Intellibox turnout speeds and special option 13

XTrnt response codes
I turned on the logging I have in my software and noticed that I was getting a lot of responses from my Intellibox warning me that the turnout buffer was 75% full, and also numerous rejections of turnout commands when the buffer was completely full. When this happens, my software throws the failed commands back into its own command queue so that it eventually gets accepted, so once the Intellibox buffer fills up, I get many rejections until the buffer is no longer full.

In looking at it, I wondered if the Special Option (SO) 13 was influencing how long it took the Intellibox to process turnout requests. SO 13 sets the duration of how long the turnout motor is powered on when switching, specifically the minimum time in units of 50ms. My Intellibox was set to 3, so it was turning the turnouts on for 150ms each time. I reduced that to 2 (the default).

I wrote some code to send 100 turnout changes (P50x command Xtrnt) in rapid succession to the Intellibox and I compared the times in my log from the first buffer warning to when the last warning was given. Note that the Intellibox turnout command buffer has a size of 16, so the 13th command might give the 75% buffer full warning, and then accept another three commands before rejecting the 17th. In addition to the 100 turnout commands, I was still polling the Intellibox a few times per second.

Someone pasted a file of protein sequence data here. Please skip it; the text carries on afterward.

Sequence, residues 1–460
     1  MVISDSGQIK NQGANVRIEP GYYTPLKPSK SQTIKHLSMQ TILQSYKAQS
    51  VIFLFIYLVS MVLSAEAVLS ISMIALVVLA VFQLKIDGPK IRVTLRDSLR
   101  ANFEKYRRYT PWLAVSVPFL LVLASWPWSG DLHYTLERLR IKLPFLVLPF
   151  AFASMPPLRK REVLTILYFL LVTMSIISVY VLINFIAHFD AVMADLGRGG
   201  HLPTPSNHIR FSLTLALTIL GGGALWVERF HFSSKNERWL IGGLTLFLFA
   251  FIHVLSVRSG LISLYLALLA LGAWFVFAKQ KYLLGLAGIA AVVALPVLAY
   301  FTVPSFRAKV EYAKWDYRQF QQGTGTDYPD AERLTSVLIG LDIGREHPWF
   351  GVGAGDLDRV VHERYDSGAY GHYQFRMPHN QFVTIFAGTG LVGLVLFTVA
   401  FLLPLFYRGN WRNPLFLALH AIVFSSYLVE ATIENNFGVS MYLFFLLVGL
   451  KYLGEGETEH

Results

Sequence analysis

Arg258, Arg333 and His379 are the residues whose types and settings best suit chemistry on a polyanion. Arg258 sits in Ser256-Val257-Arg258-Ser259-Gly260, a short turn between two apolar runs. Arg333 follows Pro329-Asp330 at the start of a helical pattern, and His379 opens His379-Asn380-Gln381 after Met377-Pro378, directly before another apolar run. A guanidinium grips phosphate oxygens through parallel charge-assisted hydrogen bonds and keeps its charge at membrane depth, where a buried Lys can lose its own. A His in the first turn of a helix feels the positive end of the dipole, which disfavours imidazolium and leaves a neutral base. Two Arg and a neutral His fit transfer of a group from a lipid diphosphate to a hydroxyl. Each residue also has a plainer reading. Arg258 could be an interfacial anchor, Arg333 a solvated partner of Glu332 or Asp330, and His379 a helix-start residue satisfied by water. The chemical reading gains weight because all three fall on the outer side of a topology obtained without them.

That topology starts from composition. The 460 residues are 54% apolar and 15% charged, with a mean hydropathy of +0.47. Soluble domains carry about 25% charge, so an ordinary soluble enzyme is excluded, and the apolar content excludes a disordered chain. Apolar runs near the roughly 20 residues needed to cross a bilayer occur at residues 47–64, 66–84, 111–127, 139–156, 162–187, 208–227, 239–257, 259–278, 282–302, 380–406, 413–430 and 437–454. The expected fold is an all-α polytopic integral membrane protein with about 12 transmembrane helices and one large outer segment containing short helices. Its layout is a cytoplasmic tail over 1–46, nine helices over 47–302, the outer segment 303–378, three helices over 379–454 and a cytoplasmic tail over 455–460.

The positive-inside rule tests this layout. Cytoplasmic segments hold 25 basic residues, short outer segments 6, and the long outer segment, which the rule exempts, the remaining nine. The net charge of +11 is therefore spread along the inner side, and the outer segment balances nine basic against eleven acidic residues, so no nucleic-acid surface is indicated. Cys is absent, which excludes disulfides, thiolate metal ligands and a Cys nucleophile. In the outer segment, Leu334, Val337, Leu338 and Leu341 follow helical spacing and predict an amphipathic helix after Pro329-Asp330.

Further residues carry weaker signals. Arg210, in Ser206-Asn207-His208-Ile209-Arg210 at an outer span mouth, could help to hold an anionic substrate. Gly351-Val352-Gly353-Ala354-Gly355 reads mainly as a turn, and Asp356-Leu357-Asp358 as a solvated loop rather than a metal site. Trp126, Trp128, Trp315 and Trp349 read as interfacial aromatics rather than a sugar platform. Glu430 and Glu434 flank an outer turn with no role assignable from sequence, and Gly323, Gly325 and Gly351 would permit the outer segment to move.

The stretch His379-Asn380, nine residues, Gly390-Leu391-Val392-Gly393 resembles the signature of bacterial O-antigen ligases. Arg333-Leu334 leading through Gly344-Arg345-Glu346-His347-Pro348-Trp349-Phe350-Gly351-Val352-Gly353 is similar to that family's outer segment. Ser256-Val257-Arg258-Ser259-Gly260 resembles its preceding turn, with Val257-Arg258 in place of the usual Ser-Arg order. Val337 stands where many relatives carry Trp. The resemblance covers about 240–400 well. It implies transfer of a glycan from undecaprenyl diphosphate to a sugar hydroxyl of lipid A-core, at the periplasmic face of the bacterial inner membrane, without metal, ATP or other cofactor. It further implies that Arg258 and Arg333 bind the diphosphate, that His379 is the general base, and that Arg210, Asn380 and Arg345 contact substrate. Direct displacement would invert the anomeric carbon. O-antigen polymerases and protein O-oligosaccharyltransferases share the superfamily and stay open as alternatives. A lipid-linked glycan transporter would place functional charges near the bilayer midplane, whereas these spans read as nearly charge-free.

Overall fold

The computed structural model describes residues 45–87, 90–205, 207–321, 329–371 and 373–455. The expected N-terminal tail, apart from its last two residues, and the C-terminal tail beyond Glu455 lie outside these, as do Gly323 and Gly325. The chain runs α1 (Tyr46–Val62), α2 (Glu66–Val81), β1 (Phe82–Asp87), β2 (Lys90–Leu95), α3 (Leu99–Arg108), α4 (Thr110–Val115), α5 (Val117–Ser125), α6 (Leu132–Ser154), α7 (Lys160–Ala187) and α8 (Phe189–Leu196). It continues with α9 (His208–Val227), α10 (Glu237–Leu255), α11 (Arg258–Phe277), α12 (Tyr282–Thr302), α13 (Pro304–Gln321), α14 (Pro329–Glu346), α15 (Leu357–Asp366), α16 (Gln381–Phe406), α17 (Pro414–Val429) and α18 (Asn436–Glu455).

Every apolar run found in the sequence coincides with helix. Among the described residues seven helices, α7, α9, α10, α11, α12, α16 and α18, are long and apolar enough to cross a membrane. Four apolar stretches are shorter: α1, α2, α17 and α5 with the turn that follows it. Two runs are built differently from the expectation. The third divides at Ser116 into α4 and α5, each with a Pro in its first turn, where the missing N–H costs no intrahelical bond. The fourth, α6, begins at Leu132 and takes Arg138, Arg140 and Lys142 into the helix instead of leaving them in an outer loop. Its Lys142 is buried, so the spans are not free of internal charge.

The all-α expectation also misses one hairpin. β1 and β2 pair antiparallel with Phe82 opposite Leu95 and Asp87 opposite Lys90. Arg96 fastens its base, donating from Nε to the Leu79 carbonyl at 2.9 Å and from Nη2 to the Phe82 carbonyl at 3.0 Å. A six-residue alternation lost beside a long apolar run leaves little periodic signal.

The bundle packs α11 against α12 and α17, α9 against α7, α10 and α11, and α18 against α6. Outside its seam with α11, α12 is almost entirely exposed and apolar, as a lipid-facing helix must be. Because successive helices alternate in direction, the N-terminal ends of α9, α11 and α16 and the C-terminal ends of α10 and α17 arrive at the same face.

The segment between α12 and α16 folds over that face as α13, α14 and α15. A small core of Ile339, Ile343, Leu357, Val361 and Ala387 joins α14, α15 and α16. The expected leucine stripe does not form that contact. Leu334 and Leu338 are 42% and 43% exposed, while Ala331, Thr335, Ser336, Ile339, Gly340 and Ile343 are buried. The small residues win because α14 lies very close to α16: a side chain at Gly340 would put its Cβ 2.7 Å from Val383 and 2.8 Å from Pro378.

With the combination of my hardware and software, it typically took 52 seconds to get all 100 done.

I then changed the special option from 2 to 1 and ran the same tests again.

The times were reduced to 45 seconds! That is about 70ms faster per turnout, pretty close to the theoretical difference of 50ms. This is evidence that the speed at which the Intellibox can handle turnout commands, depends on the time the solenoid is kept powered on. This is not exactly surprising.

I use full flow control for the serial port communications with the Intellibox. This is the correct way to do it and is needed in order to get faster throughput. Many people who do not fully understand serial communication flow control suggest waiting for the response from each command before trying the next command. Software written using that approach will be less likely to fill the turnout buffer but will also not be able to take full advantage of the speed available. It is very easy to run into situations where 16 or more turnouts need to be set at once, for example when a route with 10 turnouts and 6 signals is set. Running multiple trains that could trigger such demands will easily exceed the buffer, so getting the commands processed fast is important.

So, if you find that your layout is getting bottle-necked by the Intellibox throughput, consider reducing the value of SO 13. If you do, check that your turnouts are still getting switched properly.